There are lots of reasons NOT to make your own book cover:
- If you don’t know graphic design, your first attempt won’t be pretty
- If you don’t know cover design, you won’t make a cover that sells
- If you make it, you’ll like it too much to change later
With that in mind, I also like helping authors publish their books cheaply if they can’t afford a designer (and hiring an expensive cover design doesn’t always mean you’ll get the best quality work).
So I’ve focused on doing a few things to make self-publishing easier.
FIRST – your cover is hugely important, and you need to know how to avoid common mistakes and amateur design elements that will tank credibility, so here’s a cover design checklist:
1. Title font should be special and attractive to readers. Check out this post 300+ best fonts to use for a book cover design.
2. Author name should be about half that size, clean serif or sans serif, with lots of spacing between letters.
3. Series header and tagline should be half that size (don’t try to make EVERYTHING visible as a thumbnail, that’s a cover design myth.)
4. There should be 2 or maybe 3 main colors (usually two contrasting colors and a flesh tone of the main character.) Use a gradient or color wash.
5. Don’t make a collage or specific scene from inside the novel – the cover needs to hint at the genre only. Here are 3 foolproof cover design layouts. Basically, one protagonist (maybe two if it’s romance) and a background.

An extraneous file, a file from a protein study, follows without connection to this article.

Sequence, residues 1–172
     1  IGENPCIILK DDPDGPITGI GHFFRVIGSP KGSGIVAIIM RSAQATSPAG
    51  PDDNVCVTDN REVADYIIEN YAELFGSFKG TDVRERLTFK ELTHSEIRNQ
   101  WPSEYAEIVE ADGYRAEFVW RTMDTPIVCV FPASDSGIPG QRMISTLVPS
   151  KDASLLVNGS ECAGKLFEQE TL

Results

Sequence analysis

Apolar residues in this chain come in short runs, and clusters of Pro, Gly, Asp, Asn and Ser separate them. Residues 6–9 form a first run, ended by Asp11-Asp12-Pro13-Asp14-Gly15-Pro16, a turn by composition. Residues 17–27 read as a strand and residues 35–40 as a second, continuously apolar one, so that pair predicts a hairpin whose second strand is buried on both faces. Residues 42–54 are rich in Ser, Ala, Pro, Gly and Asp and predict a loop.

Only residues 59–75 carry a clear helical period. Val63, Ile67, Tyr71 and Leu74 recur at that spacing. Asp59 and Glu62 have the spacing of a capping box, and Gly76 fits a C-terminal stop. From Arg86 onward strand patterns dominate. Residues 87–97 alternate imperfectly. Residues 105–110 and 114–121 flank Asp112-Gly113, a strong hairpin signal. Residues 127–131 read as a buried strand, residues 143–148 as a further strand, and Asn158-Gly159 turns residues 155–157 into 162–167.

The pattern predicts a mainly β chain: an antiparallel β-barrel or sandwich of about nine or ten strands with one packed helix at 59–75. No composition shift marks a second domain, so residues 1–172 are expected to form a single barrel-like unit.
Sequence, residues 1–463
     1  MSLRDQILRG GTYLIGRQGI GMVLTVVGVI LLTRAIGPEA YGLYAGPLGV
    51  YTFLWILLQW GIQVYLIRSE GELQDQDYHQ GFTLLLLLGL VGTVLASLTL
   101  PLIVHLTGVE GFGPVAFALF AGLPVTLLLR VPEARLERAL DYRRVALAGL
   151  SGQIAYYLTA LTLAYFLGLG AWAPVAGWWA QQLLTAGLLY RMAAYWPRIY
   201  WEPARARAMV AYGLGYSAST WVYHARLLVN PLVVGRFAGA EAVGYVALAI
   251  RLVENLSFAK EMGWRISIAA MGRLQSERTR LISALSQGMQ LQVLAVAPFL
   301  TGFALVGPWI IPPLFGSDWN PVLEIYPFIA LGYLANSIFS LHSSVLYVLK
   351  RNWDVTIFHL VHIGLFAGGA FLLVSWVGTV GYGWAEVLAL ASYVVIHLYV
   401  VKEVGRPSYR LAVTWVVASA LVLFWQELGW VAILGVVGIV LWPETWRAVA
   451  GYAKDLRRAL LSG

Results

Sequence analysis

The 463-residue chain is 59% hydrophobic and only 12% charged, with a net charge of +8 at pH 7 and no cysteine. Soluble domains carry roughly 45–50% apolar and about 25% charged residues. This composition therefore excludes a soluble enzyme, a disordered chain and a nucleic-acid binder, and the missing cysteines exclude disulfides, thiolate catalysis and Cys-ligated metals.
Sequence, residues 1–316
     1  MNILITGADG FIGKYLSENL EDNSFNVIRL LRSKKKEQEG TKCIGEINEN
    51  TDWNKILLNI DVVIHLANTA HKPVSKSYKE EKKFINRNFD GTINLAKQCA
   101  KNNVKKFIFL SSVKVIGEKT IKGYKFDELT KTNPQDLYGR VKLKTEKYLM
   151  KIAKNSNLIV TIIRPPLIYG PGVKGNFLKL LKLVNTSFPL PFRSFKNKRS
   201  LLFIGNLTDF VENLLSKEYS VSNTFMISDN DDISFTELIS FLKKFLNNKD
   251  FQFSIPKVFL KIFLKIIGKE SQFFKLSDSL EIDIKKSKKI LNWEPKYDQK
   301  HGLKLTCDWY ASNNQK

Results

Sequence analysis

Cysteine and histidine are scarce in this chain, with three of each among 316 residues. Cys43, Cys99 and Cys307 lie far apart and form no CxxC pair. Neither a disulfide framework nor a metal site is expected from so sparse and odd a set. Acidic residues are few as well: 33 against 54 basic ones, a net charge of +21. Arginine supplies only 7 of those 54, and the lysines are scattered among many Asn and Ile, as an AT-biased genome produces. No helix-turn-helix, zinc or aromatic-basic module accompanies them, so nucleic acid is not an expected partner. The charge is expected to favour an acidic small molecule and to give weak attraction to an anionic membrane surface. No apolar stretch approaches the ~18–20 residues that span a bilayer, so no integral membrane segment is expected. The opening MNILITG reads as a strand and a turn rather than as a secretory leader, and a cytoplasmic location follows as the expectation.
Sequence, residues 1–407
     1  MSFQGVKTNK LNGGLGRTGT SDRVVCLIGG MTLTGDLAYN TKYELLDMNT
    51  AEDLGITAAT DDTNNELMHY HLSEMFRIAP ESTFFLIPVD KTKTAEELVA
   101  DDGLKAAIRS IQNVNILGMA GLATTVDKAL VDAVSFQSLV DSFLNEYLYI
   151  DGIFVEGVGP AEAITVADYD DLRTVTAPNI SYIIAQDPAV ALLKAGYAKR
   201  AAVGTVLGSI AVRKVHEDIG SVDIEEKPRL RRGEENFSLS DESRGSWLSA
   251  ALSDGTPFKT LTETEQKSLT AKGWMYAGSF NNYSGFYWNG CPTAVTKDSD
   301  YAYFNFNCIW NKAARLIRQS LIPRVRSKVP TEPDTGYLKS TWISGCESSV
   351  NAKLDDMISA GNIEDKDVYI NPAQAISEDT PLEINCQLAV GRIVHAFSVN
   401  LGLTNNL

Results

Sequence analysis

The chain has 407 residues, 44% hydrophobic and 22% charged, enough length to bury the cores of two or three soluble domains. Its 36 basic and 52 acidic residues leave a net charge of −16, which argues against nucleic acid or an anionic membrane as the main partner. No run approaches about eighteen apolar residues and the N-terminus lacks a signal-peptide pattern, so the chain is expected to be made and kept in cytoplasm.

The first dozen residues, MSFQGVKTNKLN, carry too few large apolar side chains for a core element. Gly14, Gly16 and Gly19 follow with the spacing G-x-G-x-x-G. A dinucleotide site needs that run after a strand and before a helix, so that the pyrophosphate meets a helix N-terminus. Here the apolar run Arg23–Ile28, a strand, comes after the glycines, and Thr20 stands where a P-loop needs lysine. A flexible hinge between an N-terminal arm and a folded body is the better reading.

6. Focus on the EMOTION. I prefer human protagonists on the cover over symbols, because it’s easier to hook emotion with people. Stories are about people, not things.
7. Don’t copy trad publishers – symbolic covers may look cool in the bookstore, but they disappear online. Trad publishers can afford to be cool and mysterious… readers enjoy browsing bookstores, and some designs look better in print. If you’re self-publishing, your cover needs to do MORE work.
8. The genre should be immediately clear from the cover, but keywords in the title can help as well. You don’t need to double-down, so for example if your title includes “VAMPIRE” you don’t really need to show a vampire on your cover. But if the title doesn’t make it obvious, then the cover design needs to.
9. Don’t use any basic text effects like bevel or a hard dropshadow. Your text should be easy to read and have natural contract with the background (which you probably need to make lighter or darker).
Here’s a video to help with your cover design: you can get the rest of my free training and several more videos at www.DIYbookcovers.com
Cover design templates and 3D Mockups
I like to help authors with education, but if you’re not skilled in graphic design and try making your own cover from scratch, you’re bound to make mistakes. So for years I’ve been building tools and templates to try and make things easier – I have some new tools coming out soon that are going to be awesome. Download my free guide and I’ll let you know when new tools are available!